Helen Cordero

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Helen Cordero
Helen Cordero standing by an adobe building in 1986
Helen Cordero, 1986
Born (1915-06-15)June 15, 1915
Died July 24, 1994(1994-07-24) (aged 79)[1]
Nationality American
Ethnicity Cochiti Pueblo
Occupation Traditional potter
Known for Storyteller pottery figurines
Spouse(s) George Cordero
Children Antonita "Toni" Cordero Suina, Dolores Peshlakai, Jimmy Cordero, George Cordero, Leonard Trujillo
Parents Quintana and Coroline Quintana-Pecos
Relatives Grandchildren, Tim Cordero, Buffy Cordero Kevin Peshlakai, Tia Cordero, Kevin Peshlakai, Ivan Trujillo, Evon Trujillo, Robert Trujillo, Jeanette Trujillo, Del Trancosa; son-in-law Del Trancosa, foster daughters-in-law Kathy Trujillo and Mary Trujillo
Awards Santa Fe Living Treasure, 1985; National Heritage Fellow, 1986

Helen Cordero (June 15, 1915–July 24, 1994) was a Cochiti Pueblo potter from Cochiti, New Mexico. She was renowned for her storyteller pottery figurines, a motif she invented,[2]based upon the traditional "singing mother" motif.

She was a lifelong resident of Cochiti Pueblo. She "followed a traditional way of life including digging her own clay and preparing her own pigments."[3] After 1964, her family members joined her in making Storyteller figurines.[4]

She would

"work outdoors in warm weather and at her kitchen table in the winter. Her husband and son drove one hundred miles to bring home the cedar wood she used to fire her pieces ... on an open iron grate behind her house."[5]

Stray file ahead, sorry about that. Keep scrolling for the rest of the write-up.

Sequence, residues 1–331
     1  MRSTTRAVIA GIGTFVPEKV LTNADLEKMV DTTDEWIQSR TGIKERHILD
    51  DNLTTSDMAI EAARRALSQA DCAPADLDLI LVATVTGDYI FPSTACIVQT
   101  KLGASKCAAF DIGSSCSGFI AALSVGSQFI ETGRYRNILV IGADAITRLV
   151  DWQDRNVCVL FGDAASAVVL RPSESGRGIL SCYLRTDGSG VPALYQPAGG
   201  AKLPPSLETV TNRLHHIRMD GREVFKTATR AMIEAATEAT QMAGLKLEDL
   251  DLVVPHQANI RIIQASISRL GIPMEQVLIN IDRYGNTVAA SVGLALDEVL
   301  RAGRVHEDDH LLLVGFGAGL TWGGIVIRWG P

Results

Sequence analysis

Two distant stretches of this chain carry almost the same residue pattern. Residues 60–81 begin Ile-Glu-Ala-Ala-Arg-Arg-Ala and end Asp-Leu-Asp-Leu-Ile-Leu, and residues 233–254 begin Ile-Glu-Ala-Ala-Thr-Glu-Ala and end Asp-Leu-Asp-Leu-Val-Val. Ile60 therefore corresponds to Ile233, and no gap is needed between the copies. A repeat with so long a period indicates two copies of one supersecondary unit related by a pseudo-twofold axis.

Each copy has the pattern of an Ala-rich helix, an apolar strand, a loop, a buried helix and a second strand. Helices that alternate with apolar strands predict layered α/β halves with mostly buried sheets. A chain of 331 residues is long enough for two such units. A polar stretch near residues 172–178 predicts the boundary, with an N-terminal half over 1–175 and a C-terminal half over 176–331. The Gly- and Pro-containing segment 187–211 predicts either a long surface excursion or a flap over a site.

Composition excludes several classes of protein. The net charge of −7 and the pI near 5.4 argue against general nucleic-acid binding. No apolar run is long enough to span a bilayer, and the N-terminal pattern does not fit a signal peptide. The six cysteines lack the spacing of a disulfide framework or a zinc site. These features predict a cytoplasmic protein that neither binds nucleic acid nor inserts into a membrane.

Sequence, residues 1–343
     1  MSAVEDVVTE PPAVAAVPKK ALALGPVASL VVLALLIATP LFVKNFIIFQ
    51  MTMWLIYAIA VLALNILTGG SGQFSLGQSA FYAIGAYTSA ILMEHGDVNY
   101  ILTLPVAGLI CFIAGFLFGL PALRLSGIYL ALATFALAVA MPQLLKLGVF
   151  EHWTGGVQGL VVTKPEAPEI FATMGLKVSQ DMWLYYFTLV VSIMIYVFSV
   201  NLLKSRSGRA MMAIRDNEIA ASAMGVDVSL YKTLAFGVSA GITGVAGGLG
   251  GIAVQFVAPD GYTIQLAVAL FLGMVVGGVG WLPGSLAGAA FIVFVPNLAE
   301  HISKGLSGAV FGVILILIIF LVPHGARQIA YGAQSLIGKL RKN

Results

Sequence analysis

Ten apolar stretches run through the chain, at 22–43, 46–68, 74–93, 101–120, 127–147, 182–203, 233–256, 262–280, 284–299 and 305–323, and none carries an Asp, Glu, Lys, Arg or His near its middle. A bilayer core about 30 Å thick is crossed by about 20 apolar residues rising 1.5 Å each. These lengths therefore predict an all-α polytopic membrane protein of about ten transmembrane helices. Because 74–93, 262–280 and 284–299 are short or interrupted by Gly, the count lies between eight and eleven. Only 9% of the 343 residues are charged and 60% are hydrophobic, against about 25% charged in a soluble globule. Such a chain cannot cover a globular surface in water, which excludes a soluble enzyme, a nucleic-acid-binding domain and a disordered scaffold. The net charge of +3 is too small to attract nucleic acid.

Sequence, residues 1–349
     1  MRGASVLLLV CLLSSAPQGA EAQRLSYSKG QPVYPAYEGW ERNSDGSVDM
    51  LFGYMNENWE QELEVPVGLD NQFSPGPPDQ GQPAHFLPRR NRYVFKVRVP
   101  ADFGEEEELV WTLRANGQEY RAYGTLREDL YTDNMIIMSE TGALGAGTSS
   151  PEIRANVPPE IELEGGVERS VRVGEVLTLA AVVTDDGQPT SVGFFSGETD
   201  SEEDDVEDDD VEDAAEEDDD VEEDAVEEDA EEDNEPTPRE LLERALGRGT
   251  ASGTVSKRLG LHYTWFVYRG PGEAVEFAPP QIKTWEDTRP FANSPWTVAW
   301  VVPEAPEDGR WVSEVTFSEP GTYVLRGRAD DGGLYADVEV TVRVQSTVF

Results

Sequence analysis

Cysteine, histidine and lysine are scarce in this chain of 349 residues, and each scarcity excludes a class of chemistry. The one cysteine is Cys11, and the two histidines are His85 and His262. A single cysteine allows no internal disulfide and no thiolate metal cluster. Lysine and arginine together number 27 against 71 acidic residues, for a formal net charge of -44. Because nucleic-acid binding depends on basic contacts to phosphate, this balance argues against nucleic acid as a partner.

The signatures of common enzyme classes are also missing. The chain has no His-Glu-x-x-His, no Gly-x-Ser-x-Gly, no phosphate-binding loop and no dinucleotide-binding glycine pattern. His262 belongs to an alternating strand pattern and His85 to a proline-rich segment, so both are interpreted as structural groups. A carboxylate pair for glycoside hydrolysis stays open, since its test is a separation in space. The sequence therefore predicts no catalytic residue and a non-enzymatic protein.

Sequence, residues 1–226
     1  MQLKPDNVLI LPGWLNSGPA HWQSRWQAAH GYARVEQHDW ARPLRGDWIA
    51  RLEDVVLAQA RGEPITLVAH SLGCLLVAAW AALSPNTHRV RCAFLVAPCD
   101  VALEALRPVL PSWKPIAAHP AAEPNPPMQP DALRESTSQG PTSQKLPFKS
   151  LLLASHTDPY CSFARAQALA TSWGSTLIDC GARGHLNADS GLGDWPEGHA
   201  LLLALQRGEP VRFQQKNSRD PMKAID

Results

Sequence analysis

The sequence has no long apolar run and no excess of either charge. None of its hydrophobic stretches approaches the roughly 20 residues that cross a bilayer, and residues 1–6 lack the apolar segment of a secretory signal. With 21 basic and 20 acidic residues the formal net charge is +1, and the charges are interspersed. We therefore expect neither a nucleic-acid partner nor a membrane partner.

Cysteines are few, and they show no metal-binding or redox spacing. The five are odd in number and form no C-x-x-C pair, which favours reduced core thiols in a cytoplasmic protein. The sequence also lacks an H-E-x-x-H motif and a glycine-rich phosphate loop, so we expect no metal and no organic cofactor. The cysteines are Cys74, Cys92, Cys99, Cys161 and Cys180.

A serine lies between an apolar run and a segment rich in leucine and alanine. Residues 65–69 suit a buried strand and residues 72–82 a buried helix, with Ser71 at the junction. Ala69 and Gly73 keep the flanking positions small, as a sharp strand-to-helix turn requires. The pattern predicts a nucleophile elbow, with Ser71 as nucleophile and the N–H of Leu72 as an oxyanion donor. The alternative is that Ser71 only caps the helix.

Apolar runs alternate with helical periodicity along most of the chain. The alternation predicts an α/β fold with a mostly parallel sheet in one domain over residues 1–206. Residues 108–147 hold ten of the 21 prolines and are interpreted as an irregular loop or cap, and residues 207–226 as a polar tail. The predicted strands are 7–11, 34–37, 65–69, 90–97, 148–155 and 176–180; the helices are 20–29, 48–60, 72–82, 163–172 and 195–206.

Alexander Girard supported her by purchasing her early work.[6]

Helen Cordero was honored as a Santa Fe Living Treasure in 1985.[5] In 1986 she was made a National Heritage Fellow.[7]

Helen Cordero Primary School, in Albuquerque, New Mexico, is named after her.[8]

References[edit]

  1. ^ "Helen Cordero: Death Record from the Social Security Death Index (SSDI)". GenealogyBank. Retrieved 2014-02-20. 
  2. ^ Smith, Jack (30 March 2005). "OLD AND NEW; The History Is Here, but the Action Is Elsewhere". The New York Times. Retrieved 2009-10-01. 
  3. ^ "Helen Cordero - Artist, Fine Art, Auction Records, Prices, Biography for Helen Cordero". Ask Art, the Artist's Bluebook. Retrieved 2014-02-20. 
  4. ^ "Antonita Cordero Suina (b. 1948 - )". Adobe Gallery, Santa Fe. Retrieved 2014-02-20. 
  5. ^ a b "Cordero, Helen". Santa Fe Living Treasures – Elder Stories. Retrieved 2014-02-20. 
  6. ^ "Helen Cordero, Cochiti Pueblo". Adobe Gallery, Santa Fe. Retrieved 2014-02-20. 
  7. ^ Helen Cordero biography at nea.gov
  8. ^ "Helen Cordero Primary School". Retrieved 2014-02-20. 

Further reading[edit]

  • Babcock, Barbara A.; Monthan, Guy and Monthan, Doris Born (1986). The Pueblo Storyteller: Development of a figurative ceramic tradition. Tucson, Arizona: University of Arizona Press. ISBN 978-0-8165-0870-9. 
  • Howard, Nancy Shroyer (1995). Helen Cordero and the Storytellers of Cochiti People. Worcester, Massachusetts: Davis Publications. ISBN 978-0-87192-295-3. 

External links[edit]